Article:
God seems to have subverted/undone Jeconiah’s curse in a similar manner. Since Shealtiel was adopted into Jeconiah’s line, he had both a legal/adopted genealogy and a biological genealogy. And these two genealogies are precisely what we find set out in Matthew and Luke respectively. Matthew connects Shealtiel back to David via the Judahite kings (Shealtiel’s legal line), while Luke connects him back to David via his biological line—a lesser known branch of David’s family tree (cp. Luke 3.31 w. 1 Chr. 3.5, Zech. 12.12). By means of Shealtiel’s adoption, then, God enabled Judah’s royal line to be continued: Shealtiel was not literally ‘of the seed’ of Jeconiah, so he could be deemed immune to Jeconiah’s curse, and yet Shealtiel could legitimately continue Jeconiah’s line, since he was a son of David. And, in case anyone wondered if it was appropriate for a merely legal descendant of Jeconiah to continue the line of Judahite kings, God added a further layer of complexity into the equation, as we’ll now consider.
Component #4: Zerubbabel’s ancestry
Since Shealtiel died before he could father any children, one of Jeconiah’s biological sons (Pedaiah) fathered a child for him, namely Zerubbabel. Zerubbabel was not merely, therefore, a legal descendant of Judah’s last king, Jeconiah; he was also his biological descendant (via Pedaiah), and yet he was shielded from Jeconiah’s curse by virtue of his membership of Shealtiel’s family tree. Zerubbabel was thus a remarkable individual—a ‘seed of Babylon’ by name, a seed of David by biological descent (per Luke’s genealogy), a descendant of Judah’s last king by adoption (per Matthew’s genealogy), and the man under whose headship God chose to lead his people back from exile. In and through Zerubbabel’s rise, then, God fulfilled his promise to Jeremiah: he regathered his flock, assigned faithful shepherds over them (Zerubbabel and Jeshua), and in the process raised up a righteous branch from David’s progeny (Jer. 23.1–8).
First, it undercuts the claims of those who say Jesus’ genealogies are irreconcilable. Specifically, it proffers a way to read Jesus’ genealogies which: a] is at least possible (and perhaps even plausible), b] doesn’t entail any contradictions, and, importantly, c] takes its cue not from a preconceived notion about how Matthew and Luke *should* have documented Jesus’ ancestry, but from a series of clues embedded in the text of Scripture itself.
Second, it suggests Jesus’ genealogies are credible accounts of Jesus’ ancestry. Jesus’ genealogies exhibit the kind of complexity one might reasonably expect to encounter in a pair of 2,000-year-long genealogies, and they become most complex where one would expect them to, i.e., in Babylon, at a tumultuous time in Judah’s history. By extension, then, we needn’t be too worried about the discrepancies in the inter-testamental stretch of Jesus’ genealogy (i.e., between Shealtiel and Joseph). The text of Scripture provides us with a considerable amount of information about Jeconiah’s family tree, and that information makes good sense of the discrepancies entailed in Shealtiel’s ancestry; consequently, it doesn’t seem unreasonable to view the discrepancies entailed in Joseph and Mary’s ancestries—about which we know nothing apart from what Matthew and Luke tell us—in a similar light (i.e., to assume more information would clarify matters).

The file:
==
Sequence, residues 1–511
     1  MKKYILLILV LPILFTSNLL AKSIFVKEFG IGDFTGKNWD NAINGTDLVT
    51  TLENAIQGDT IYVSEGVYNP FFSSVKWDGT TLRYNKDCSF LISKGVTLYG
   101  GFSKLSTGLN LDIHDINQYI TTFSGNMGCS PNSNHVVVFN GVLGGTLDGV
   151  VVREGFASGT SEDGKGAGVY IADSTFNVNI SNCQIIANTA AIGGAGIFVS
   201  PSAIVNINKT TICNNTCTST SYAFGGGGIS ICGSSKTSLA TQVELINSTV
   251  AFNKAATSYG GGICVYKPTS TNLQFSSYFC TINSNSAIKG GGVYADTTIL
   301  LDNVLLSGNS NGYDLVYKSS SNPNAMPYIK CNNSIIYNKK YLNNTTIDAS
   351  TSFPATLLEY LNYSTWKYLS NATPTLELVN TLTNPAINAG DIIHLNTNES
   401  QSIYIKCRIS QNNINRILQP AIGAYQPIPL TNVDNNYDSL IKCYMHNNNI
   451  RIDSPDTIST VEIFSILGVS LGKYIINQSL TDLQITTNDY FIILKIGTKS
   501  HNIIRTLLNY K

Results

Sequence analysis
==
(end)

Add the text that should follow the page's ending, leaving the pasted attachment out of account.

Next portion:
Third, it helps us grasp the *purpose* of Jesus’ genealogies in the context of the New Testament. Matthew draws our attention to Jeconiah for a reason. At the start of the final stretch of Matthew’s genealogy, God brought redemption to a cursed line by Jeconiah’s adoption of a son, which is exactly what he did at the end of it: by Joseph’s adoption of Jesus, God brought redemption to an entire race.
Meanwhile, Luke draws our attention *away* from Jeconiah, and he too has his reasons. Just as in Jeconiah’s day God raised up a lesser known branch of David’s family tree to replace Judah’s failed leaders, so in and through Jesus’ ministry God raised up various unknown Israelites to do likewise (Luke 1–2).
Matthew and Luke’s genealogies also resonate with the introduction to their Gospels in a further way. Matthew has Jesus immediately come into conflict with Herod, since, as a son of Jeconiah, Jesus is a rightful heir of David’s throne (and Herod is not). Meanwhile, Luke has Jesus raised in obscurity and born a ‘holy child’, since Jesus is not only a son of Jeconiah; he is also a member of a lesser known Davidic line which has been shielded from Jeconiah’s curse.
As such, Matthew and Luke’s genealogies constitute the perfect introductions to their respective Gospels, not despite their oddities, but because of them. At the same time, they give us a reason to have confidence in the New Testament’s record of Jesus, even when it might seem at first blush to be difficult to process. Like God himself, the text of Scripture rewards those who persevere.
James Bejon is a researcher at Tyndale House. This article is originally from his Thoughts on Scripture substack and used with permission.
- Jer. 36.30 complicates things–more on that some other time.
- Shealtiel is a son of ‘Jeconiah the captive’.